Monday, 31 January 2011

Everett & ors v Comojo (UK) Ltd t/a The Metropolitan & ors [2011] EWCA Civ 13: painful lesson

Does a nightclub have to protect its visitors?  Yes and no.  There you go, the perfect legal answer.

This is one of those cases where the Claimants come off particularly badly.  Not just because they lost, but because the casual reader might think that they brought their brutal treatment on themselves.  Simple enough story, they went to the Met Bar in Old Park Lane, a members- and guests-only bar.  The Claimants were the guests of a member, and took a particular liberty; one of them slapped a waitress on the jaxie.  Another member, Mr Balubaid, noticed this and was not impressed.  Mr Balubaid was a big spender and not known for violence.  But he did have a bodyguard. Interesting.

The waitress brushed off the incident, but Mr Balubaid told her that she would get an apology before the night was through.  A bit later Mr Balubaid asked the waitress to allow his driver to be placed on the guest list.  So she did, he turned up, had a tequila (perhaps he was not driving last night), shared a joke at the bar.  All well and good?

Not quite.  This “driver” made Mr Universe look like Jarvis Cocker.  The waitress thought that something may happen and went off to see the manager to warn him.  Too late.  Just as she left his office, she heard breaking glass.

What had happened was that the Claimants had decided to leave.  Mr Balubaid suggested that, before they do so, they wait to apologize to the waitress.  Mr Everett, the lead Claimant, responded in a way which suggested that Mr Balubaid should be on the point of micturating.  This was definitely the wrong answer.  The driver drove his fist into Mr Everett’s face.  And then chased the now-fleeing Claimants with a knife, caught them, and stabbed them several times.  Two of them suffered serious injuries, but recovered; the driver was sent down, initially for life, but is now out.

It was pretty obvious whom the Claimants should sue for their injuries.  The driver.  Only he had no money.  They could sue the driver's employer, Mr Balubaid.  Only he had gone AWOL and nobody knew where he was.  So they had to be a bit more creative.  They sued the security firm working the doors for letting a knife-wielding maniac in; struck out quickly, there was no likelihood of success, the knife was well hidden and there was no suggestion of negligence.  So they were stuck with suing the bar.  For negligently failing to keep its visitors reasonably safe.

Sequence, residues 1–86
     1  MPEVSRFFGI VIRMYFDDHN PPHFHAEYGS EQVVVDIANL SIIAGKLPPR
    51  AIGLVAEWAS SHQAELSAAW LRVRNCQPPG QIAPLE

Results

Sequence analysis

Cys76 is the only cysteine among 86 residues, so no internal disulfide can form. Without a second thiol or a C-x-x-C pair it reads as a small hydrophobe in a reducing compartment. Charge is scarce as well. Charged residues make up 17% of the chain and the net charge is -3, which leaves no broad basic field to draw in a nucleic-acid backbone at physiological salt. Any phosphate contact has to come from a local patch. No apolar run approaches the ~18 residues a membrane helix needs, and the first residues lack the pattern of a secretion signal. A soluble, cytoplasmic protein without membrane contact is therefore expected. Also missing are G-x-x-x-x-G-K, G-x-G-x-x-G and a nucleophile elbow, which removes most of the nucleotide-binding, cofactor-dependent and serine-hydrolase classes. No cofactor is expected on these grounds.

To succeed in a claim, the Claimants had to show the Holy Trinity of tort law was satisfied. Duty, breach, causation.  Start with duty.  That in turn is the threefold test from Caparo v Dickman; foreseeability, proximity and fairness.  Could they nail these?  Foreseeability was easy – in a nightclub, people drink, when people drink, they get violent.  One down.  Proximity?  They couldn’t get more proximate than be in the very bar itself.  Two down.  Fair?  Yes – within limits.  The Court looked at the Occupier’s Liability Act 1957, which was about the state of the bar itself, and thought it would have been odd that a visitor who fell over a bit of carpet would be able to claim, but a visitor who was marmelized by a sociopath let in by the occupier would not.

So, duty was OK.  Problem is, the duty was not set very high.  Letting in a known sociopath was one thing; Mr Balubaid had no record of violence.  How far do you go in keeping ostensibly "normal" people out?  Had the bar reached the appropriate standard of a normal bar?  Which was to do what was reasonable in the circumstances?  Could the people there keep an eye on every visitor? 

Schools are not liable for playground accidents with appropriate supervision, even if this means a couple of teachers looking after a hundred children, as accidents will happen.  People cannot be kept 100% safe in all circumstances.  And in this case the Court held the bar had done enough.  The waitress had done the responsible thing, she had informed the manager, and there hadn’t been time to defuse the situation.  The Claimants suggested she shouldn't have wasted time with the boss and should have gone to the security guys.  The Court disagreed.  Why should she have informed security and have a valuable customer thrown out apropos of nothing?  The bar staff could not take pre-emptive action either.   The appropriate thing was to go to the manager, who would have experience of this sort of thing.  It wasn't the bar's fault that the situation escalated so quickly.

Therefore, there is a duty, but not too strong a duty.  A responsible bar should always be able to meet that duty with some ease.  Certainly the Met had – to the disappointment of the Claimants.  They had a sure-fire can’t-lose claim, certainly; but against the wrong people…

No comments:

Post a Comment